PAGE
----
Even though driving a truck for long hours under various weather conditions, on rough surfaces, and through traffic can be challenging, it has its fair share of perks. Truck drivers enjoy life on the road, often passing scenic routes and working on flexible schedules. Many of them also earn big bucks based on the job specifications.
But how long can a trucker drive each day? There are limitations to the number of hours a professional is allowed to drive set by the authorities to safeguard the drivers from fatigue or ill health. However, these rules are set to ensure good health.
Before delving into the specifics of permissible work hours, take a peek at some exciting things about being a professional truck driver.
It can be an exciting job.
The trucking industry generates billions of dollars annually, making it a pivotal part of the economy. Despite its challenges of long hours and time away from home, the job can be fascinating for driving enthusiasts who love spending time on the highway.
More specifically, those who manage to create a disciplined approach to the job enjoy endless perks. For instance, long-haul driving enables newbies to experience scenic routes, meet fellow trucking professionals, try various cuisines, and pass famous sites along the way.
There is good earning potential.
The average salary of a trucking professional can be anywhere from $65,000 to $80,000 a year, subject to the job specifications. Also, new hire bonuses, a safety net, anniversary perks, and other additions make up for time spent away from loved ones.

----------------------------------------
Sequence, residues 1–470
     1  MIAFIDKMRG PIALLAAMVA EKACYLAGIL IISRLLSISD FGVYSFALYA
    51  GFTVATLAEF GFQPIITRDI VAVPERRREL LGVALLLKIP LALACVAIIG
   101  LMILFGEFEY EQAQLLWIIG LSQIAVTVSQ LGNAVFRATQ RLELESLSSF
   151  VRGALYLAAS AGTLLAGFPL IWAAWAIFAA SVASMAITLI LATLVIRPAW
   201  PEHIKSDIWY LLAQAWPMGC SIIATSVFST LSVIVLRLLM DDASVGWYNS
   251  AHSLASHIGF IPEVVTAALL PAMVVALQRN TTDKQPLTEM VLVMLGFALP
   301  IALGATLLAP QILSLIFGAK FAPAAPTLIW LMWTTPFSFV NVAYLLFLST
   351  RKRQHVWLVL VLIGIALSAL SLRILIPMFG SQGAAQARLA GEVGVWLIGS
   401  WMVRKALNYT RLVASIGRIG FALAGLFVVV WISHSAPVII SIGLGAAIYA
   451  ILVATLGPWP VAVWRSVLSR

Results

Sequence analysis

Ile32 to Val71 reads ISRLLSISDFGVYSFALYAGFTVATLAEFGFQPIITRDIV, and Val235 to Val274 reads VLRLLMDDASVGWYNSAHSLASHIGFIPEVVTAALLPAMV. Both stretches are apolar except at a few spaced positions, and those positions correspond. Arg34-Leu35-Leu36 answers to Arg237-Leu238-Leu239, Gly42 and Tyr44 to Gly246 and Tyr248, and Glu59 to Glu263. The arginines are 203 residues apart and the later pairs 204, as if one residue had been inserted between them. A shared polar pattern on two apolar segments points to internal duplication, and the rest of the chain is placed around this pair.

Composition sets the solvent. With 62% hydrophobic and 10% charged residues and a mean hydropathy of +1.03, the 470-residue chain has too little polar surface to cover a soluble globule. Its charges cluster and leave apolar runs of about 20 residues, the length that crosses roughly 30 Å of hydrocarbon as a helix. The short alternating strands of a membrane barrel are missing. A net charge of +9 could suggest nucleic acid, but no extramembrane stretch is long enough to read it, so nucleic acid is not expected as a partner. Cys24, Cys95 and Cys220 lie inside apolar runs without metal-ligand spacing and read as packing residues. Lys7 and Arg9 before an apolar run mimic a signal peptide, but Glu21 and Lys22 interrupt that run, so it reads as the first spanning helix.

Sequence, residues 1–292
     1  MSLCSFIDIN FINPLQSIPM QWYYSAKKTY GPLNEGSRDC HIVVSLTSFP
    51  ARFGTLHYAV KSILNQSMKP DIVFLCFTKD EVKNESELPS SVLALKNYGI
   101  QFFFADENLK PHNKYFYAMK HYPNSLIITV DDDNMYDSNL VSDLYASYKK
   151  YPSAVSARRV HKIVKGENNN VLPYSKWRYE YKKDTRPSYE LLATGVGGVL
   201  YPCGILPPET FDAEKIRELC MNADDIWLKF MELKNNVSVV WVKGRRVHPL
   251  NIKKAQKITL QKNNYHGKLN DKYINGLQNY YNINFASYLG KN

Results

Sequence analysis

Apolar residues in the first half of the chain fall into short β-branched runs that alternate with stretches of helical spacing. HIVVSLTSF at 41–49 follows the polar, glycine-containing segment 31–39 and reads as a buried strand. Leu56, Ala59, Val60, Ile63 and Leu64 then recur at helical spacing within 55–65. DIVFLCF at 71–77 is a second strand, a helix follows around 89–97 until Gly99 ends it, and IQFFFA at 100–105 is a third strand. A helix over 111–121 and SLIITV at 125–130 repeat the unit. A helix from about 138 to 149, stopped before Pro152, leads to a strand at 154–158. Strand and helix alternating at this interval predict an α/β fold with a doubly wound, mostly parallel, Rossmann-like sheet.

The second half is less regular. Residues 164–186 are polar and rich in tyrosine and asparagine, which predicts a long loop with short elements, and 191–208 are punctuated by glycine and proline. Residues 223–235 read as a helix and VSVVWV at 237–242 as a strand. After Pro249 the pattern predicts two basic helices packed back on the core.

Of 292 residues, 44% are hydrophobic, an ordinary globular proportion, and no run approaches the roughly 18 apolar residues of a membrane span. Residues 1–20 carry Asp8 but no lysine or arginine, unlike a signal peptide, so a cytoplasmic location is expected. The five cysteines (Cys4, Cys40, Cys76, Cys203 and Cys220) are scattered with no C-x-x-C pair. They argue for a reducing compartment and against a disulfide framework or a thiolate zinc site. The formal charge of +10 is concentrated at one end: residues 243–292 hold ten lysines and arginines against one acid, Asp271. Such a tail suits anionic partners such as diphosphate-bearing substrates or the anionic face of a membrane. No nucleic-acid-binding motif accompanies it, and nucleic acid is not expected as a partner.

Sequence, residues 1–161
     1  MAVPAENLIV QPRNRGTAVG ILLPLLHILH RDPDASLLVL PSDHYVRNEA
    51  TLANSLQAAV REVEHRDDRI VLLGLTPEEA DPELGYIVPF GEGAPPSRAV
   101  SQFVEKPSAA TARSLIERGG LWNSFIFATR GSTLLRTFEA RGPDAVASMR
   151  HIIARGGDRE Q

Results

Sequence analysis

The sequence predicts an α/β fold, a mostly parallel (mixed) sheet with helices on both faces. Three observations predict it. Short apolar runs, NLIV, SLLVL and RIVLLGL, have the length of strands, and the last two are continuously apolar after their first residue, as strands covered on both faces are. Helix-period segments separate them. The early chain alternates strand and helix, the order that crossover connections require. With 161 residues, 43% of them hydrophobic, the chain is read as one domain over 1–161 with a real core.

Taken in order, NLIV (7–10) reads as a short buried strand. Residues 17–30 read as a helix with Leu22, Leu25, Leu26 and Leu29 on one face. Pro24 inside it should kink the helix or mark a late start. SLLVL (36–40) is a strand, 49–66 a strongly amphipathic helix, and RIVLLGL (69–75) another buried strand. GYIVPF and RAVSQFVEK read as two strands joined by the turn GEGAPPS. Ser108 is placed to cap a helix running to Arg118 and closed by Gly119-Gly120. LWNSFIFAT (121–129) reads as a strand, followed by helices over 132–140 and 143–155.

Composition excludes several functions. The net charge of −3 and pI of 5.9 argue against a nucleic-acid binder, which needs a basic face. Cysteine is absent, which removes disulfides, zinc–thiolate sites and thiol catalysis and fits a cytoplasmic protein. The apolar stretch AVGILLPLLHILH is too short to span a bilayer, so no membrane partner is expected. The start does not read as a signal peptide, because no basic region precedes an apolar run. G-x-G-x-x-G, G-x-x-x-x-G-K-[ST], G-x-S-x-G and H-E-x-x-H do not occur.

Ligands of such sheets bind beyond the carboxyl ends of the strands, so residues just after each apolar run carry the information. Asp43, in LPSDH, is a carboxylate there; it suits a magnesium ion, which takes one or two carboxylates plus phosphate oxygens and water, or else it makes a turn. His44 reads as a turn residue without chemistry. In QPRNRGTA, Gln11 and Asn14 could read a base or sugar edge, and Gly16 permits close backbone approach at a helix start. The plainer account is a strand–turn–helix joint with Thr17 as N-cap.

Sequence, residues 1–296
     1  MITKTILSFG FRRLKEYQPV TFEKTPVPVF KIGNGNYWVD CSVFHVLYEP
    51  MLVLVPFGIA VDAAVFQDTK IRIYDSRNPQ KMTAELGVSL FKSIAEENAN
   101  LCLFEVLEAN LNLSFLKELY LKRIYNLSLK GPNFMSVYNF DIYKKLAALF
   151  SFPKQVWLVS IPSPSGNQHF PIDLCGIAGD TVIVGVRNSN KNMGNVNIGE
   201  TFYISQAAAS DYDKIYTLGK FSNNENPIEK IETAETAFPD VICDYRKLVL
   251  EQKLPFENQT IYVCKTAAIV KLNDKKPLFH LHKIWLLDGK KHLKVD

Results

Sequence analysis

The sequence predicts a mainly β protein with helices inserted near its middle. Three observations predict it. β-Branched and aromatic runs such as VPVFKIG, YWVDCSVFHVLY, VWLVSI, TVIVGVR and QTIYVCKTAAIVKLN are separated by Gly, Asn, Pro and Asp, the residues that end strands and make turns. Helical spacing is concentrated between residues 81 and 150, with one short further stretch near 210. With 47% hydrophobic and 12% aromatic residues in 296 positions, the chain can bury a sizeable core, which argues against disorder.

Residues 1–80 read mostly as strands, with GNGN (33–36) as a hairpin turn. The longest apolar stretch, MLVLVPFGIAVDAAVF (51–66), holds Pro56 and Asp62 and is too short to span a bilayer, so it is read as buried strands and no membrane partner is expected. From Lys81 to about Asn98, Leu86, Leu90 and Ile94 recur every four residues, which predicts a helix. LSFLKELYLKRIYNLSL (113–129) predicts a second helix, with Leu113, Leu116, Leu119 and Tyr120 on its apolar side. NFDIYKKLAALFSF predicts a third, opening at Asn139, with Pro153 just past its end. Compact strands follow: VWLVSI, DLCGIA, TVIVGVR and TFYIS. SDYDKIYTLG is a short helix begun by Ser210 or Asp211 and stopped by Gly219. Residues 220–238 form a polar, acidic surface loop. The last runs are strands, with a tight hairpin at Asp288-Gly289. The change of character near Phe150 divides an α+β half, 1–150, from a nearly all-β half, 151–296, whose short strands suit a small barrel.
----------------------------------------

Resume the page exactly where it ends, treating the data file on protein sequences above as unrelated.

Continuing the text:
However, knowing the current industry salary is essential to ensure you are hired for the right amount. You can refer to online guides by trucking experts for details on choosing the right job and asking for fair pay.
Permissible driving hours
So, how long can a trucker drive each day? A maximum limit of eleven driving hours within twenty-four hours has been set by the Federal Motor Carrier Safety Administration (FMCSA), keeping in mind the challenges of driving nonstop. The set rules are designed so that professionals remain active, alert, and fully awake on the job, effectively warding off untoward incidents and accidents.
They can take a thirty-minute interlude after clocking around eight collective hours. The rules also specify that professionals cannot exceed an average of seventy hours of trucking per week. So, if they reach the weekly limit, they must take an intermission of thirty-four hours before resuming work or training.
Newbies can access reliable online resources.
Trucking may be the perfect job if you are passionate about traveling various roads and delivering important cargo, ensuring diverse industries run smoothly.
Fortunately, getting a license and diving head first into the job is far easier today than it was a few years ago. Several online resources are run by industry experts offering valuable advice and resources to interested folks. You can find an expansive list of the top training schools to attend, which companies to consider working for, and the current industry salary.
Furthermore, several websites list jobs and have an open forum where avid truckers share their experiences on the job, helping amateurs adjust quickly to their new roles. So, do proper research and use resources to find guidance and the best job available for a trucker.